When I was diagnosed 5 years ago, the Dr said: 'you can't change the hand you're dealt in life but you can change the way you play the game'. Recently those words have struck a cord with me and hopefully they will spur others on this forum to make a change and continue pushing through the hard times. In the end, we're only here once!

    Jay
    I really like what your doctor said there...I've had glimmers of feeling like that. Just accepting my lot and embracing it, like when I decided to stop feeling embarrassed about having a mental illness and chose to get my (albeit small) suicide survivor tattoo.
    And I had a bit last night too, when I chose a set of chic looking black crutches off eBay, along with a backpack to use with them and my scooter as my nice handbag wouldn't be any good. I just thought "to hell with it! This is my life so let's do this!"


    These aren't the decisions or choices or purchases I thought I'd be making in my life. But I think as soon as we let go of the alternate reality in which we don't have our conditions, we can better embrace life and enjoy it to its fullest *despite* our conditions.

    And I bought my scooter just a moment ago and cannot wait to get it and get back out there next week
    Look forward to seeing how you get on with choosing your new lease of life!

  8. #18
    "But I think as soon as we let go of the alternate reality in which we don't have our conditions, we can better embrace life and enjoy it to its fullest *despite* our conditions." - you hit the nail on the head there.

    I bet you can't wait for your scooter to arrive, I wish you all the best with it!

    You have a great spirit - very uplifting.
    Yesterday I took another bad fall just trying to get back into the house from the car, so it's quite refreshing to come on here and see the comments.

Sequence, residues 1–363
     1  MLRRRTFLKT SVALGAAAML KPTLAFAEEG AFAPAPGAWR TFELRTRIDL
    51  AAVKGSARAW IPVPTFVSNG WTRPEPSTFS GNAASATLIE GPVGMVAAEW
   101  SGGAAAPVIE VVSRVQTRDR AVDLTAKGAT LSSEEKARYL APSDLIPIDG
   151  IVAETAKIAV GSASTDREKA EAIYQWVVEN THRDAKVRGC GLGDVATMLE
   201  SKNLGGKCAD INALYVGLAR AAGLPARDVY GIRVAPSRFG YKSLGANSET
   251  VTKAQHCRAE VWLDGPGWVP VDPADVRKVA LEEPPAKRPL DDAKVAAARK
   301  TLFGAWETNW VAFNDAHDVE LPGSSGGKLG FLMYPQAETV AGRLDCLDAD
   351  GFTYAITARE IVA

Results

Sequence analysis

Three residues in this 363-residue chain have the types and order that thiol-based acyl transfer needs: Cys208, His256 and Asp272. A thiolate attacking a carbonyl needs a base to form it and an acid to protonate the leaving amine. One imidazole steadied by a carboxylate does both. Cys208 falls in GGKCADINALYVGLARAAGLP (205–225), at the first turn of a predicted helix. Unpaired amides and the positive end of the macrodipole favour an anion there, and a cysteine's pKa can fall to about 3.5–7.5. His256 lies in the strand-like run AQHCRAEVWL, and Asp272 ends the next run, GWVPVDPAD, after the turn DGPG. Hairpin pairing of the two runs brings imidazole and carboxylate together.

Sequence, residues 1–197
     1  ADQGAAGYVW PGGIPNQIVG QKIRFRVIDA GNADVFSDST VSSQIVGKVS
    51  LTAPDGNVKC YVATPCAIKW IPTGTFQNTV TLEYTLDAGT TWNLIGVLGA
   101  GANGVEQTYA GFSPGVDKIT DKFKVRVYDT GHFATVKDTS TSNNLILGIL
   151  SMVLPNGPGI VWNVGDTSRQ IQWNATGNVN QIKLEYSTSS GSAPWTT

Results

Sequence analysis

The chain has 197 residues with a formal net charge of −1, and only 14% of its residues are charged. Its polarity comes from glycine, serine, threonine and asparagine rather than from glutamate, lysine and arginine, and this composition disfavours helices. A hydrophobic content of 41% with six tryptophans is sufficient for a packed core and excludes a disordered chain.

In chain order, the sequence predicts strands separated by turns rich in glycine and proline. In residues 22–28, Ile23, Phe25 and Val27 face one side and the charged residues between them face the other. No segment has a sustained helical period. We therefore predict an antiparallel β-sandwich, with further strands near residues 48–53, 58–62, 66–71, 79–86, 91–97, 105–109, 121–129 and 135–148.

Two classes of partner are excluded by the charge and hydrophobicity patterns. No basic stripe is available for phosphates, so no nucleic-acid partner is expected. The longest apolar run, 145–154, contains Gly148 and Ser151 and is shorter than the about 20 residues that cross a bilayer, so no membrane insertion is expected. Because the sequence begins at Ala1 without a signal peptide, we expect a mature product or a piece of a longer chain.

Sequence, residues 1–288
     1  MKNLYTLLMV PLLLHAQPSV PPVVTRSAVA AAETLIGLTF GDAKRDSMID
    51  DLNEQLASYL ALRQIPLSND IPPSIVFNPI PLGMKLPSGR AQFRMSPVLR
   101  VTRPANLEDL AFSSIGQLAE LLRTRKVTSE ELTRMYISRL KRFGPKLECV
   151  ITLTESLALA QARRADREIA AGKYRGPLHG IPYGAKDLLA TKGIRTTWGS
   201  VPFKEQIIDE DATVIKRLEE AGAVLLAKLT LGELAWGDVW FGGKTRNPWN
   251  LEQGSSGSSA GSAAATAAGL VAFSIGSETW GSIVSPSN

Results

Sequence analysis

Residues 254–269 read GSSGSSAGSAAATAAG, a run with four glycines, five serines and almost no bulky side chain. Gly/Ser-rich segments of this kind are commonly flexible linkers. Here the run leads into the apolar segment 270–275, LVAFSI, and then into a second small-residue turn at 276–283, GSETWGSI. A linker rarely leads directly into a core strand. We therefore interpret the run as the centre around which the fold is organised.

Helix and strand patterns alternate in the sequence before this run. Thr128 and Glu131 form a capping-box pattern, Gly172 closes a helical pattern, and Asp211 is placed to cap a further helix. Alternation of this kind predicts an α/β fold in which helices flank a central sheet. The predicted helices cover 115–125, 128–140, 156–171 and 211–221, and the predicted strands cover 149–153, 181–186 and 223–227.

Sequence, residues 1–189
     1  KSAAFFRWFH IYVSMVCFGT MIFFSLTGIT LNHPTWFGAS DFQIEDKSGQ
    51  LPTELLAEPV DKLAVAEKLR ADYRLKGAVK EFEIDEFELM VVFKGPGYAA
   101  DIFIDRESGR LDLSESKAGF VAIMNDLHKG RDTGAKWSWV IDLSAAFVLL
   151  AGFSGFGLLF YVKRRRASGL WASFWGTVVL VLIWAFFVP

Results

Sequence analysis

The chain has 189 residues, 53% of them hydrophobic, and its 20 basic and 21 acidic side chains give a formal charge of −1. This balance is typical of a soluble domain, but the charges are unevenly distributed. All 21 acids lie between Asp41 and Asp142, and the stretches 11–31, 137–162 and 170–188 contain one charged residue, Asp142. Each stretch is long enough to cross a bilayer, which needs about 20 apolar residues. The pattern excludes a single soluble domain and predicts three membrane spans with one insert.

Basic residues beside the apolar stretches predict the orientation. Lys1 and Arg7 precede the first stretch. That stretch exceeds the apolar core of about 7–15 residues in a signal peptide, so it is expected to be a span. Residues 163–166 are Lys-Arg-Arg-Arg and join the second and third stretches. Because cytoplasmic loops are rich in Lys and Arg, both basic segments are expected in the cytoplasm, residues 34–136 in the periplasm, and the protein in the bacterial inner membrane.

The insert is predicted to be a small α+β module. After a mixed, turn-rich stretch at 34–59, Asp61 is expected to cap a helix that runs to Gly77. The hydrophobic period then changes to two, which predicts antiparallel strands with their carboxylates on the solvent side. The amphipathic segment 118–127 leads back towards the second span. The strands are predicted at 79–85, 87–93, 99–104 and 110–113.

Have fun with your scooter!!

  9. #19
    Not a wheelchair user myself but my daughter is.
    The wheelchairs - well ginormous scooters really are the ones which catch my eye.
    Some are like small cars - too big for pavements and in shopping centres i think.
    However they seem to be coming increasingly popular in our area, so I suppose they must have something good about them!!
    Sea Queen

  10. #20
    I just wanted to say I completely understand where you are coming from.

    I've just turned 30, I can be image conscious, as in if I am going somewhere in particular I do try to make the effort. I also look a lot younger then my age.

    I would benefit from a wheelchair or mobilty scooter, I know this as I just have too much pain to walk and after I am left in so much pain for days. But something inside me still says no to them, even though I know it would help me so much and I could most likely do so much more, I just resist all the time.


    Also, and this is going to sound so silly, but here goes, I kind of feel as I physically can walk, even though it hurts too much, that I just don't feel 'worthy' of a chair/scooter. It may sound so silly, but that's how my mind works!